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Patrick Nugent

Metrology

The Basics of Shaft Measurement

When precision matters, what is the best tool for the job?

Published: Monday, August 8, 2016 - 10:40

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A simple fact in manufacturing is that everyone has to measure. However, when precision is the ultimate goal, measurement is not simply about inspection, it’s about process control. Manufacturers need the right tools to increase quality, maximize productivity, and, ultimately, to make measurement a value-added process.

An introduction to shaft measurement systems

If a part is created to turn on an axis, a shaft is typically involved. Shafts contain a number of functional elements, such as gears, grooves, splines, tapers, and threads—which all have associated critical dimensions. Diameters, lengths, angles, distances between points and lines, groove widths, fillet radii, or chamfers on these parts are well-suited for shaft measurement systems.

Designed to facilitate precision control of complex turned parts, shaft measurement systems are ideal for automotive, aerospace, and medical industry applications, to name a few. Given the fact that the shafts used in these types of applications are often safety- and performance-critical, ensuring precision, quality, and high reliability is of the utmost importance.

Trends affecting shaft measurement

Ever-increasing accuracy requirements and declining cycle times are creating the need for rapid, precise measurement directly in the production environment. As shaft measurement systems gain popularity, the market demands increased capabilities.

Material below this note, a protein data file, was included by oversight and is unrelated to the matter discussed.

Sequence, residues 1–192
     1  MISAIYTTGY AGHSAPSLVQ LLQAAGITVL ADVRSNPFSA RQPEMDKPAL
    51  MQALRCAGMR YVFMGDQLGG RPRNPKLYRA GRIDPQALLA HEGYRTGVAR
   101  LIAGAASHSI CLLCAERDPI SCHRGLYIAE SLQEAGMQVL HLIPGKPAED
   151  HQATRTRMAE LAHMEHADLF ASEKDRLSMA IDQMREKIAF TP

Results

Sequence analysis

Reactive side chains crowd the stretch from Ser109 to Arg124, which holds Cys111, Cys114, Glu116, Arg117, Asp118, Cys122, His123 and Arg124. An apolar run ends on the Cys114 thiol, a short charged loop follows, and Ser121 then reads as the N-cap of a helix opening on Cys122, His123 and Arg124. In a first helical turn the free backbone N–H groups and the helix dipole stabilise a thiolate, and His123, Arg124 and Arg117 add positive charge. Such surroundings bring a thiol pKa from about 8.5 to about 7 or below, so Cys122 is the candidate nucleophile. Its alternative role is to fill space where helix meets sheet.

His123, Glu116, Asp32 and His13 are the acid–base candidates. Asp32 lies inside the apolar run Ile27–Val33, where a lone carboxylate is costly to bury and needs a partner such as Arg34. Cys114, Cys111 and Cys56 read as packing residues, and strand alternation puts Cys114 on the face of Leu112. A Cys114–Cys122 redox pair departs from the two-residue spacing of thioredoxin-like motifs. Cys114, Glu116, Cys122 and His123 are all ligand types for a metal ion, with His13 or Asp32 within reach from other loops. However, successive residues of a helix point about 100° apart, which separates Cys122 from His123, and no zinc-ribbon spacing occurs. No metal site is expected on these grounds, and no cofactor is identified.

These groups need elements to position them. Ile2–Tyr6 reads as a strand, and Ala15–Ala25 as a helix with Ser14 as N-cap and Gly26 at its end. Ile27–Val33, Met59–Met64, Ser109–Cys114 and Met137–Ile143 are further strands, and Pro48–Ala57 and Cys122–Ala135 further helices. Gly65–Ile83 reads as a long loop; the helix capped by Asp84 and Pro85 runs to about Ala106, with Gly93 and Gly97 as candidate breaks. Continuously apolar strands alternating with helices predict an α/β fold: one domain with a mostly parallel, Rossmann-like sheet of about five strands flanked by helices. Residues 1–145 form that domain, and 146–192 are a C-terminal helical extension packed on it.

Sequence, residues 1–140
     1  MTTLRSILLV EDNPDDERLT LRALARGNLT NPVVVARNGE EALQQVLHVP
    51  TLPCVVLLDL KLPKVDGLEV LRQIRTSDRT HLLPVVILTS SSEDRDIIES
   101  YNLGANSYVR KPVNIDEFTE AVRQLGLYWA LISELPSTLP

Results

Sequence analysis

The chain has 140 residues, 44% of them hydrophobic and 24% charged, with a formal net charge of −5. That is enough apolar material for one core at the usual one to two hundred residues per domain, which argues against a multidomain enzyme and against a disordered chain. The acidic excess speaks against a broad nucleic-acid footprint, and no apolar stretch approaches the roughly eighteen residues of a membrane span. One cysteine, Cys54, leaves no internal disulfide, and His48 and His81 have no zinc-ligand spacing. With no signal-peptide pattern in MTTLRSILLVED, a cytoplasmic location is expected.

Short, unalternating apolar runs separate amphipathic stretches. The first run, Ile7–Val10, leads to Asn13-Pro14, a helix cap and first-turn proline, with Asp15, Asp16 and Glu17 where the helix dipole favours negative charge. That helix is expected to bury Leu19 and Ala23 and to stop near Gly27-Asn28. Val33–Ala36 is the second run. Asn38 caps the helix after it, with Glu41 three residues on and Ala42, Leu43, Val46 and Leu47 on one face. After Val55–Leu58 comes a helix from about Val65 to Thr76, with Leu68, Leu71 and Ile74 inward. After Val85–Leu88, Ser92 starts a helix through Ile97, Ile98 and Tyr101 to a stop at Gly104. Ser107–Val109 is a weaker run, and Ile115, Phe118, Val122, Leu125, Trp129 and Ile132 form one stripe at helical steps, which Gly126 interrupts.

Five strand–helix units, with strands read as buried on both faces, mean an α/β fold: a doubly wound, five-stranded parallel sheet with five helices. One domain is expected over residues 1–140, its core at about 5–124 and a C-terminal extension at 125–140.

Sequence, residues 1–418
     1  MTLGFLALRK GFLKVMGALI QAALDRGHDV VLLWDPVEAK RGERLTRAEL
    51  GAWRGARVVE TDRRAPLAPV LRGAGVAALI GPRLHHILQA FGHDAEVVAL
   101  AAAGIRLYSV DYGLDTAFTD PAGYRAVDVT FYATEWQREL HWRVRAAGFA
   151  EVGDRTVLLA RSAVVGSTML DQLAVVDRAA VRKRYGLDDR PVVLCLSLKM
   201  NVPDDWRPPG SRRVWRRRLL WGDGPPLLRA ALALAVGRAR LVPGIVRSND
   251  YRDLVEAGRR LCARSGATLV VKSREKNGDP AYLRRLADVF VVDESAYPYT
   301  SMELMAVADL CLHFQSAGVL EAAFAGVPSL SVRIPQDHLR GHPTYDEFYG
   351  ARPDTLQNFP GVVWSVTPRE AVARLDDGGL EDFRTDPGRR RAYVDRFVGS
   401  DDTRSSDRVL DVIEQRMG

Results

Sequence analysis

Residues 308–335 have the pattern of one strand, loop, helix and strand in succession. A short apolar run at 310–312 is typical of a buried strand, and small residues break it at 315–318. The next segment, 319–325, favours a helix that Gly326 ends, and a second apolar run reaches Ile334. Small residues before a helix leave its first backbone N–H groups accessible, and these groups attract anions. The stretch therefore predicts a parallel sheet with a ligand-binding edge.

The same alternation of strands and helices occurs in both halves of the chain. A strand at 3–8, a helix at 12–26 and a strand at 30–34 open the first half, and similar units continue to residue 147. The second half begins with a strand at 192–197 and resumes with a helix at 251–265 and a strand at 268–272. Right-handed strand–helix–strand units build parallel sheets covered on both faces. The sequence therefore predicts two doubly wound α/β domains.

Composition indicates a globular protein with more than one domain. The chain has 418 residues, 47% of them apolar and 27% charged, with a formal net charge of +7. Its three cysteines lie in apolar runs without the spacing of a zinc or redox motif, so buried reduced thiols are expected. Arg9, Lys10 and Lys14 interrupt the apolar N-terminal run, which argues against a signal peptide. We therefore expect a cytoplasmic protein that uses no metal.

Trends shaping the demand for advanced shaft measurement technologies include:
• Decreasing tolerances
• The need to move measurement closer to the manufacturing process
• The need for increased speed and economy in production lines
• User requirements for integrated systems to provide feedback directly to machine tools
• The need for more automation of the measurement process
• Increasing demand for more precise measurements
• Greater ease of use

These trends have led to the rise of advanced, fully automated optical shaft measurement systems that offer efficient and precise measurement of rotationally symmetrical workpieces in production. These systems also enable the highly accurate measurement of a wide variety of characteristics in just seconds—without operator contact. Fully automatic measuring sequences can be performed both in the lab and in the harsh environment of the shop floor, and eliminate operator influence from measurement results.

Innovative systems also feature easy-to-use graphical user interfaces to simplify programming and deliver easy-to-understand results. These benefits of high measurement speed, precision, and optimum ease of use in a noncontact process ensure the utmost in quality control during production.


Figure 1: Manual machines allow quick and easy measurement of a variety of features in an economical package.

Optical shaft measurement technology

There are two commonly used technologies in optical shaft measurement systems: high-resolution matrix array (also known as CCD cameras) and line scan technology. Line scan technology creates images of the dimensions of the part via cameras that contain a single row of pixels. As the object moves past the camera, the image is reconstructed line by line. Line sensors are often tipped slightly relative to the axis of the part to better measure dimensions such as edges and shoulders. Part and feature diameters are indicated as a series of connected points or dots, and measurement computations are made with a “calculated” image of the part. Because of the lower resolution, small features are harder to measure.

High-resolution matrix array is a more modern technology that was made possible by advances in computer processing speed. The higher resolution of matrix array has earned these systems a reputation for being the most accurate method, because they enable measurements to be more stable and precise, and allow much smaller features to be measured compared to the calculated image produced by a line scan. Zoom functions further allow even the most minuscule details to be measured, which with conventional measuring methods are difficult—if not impossible—to test.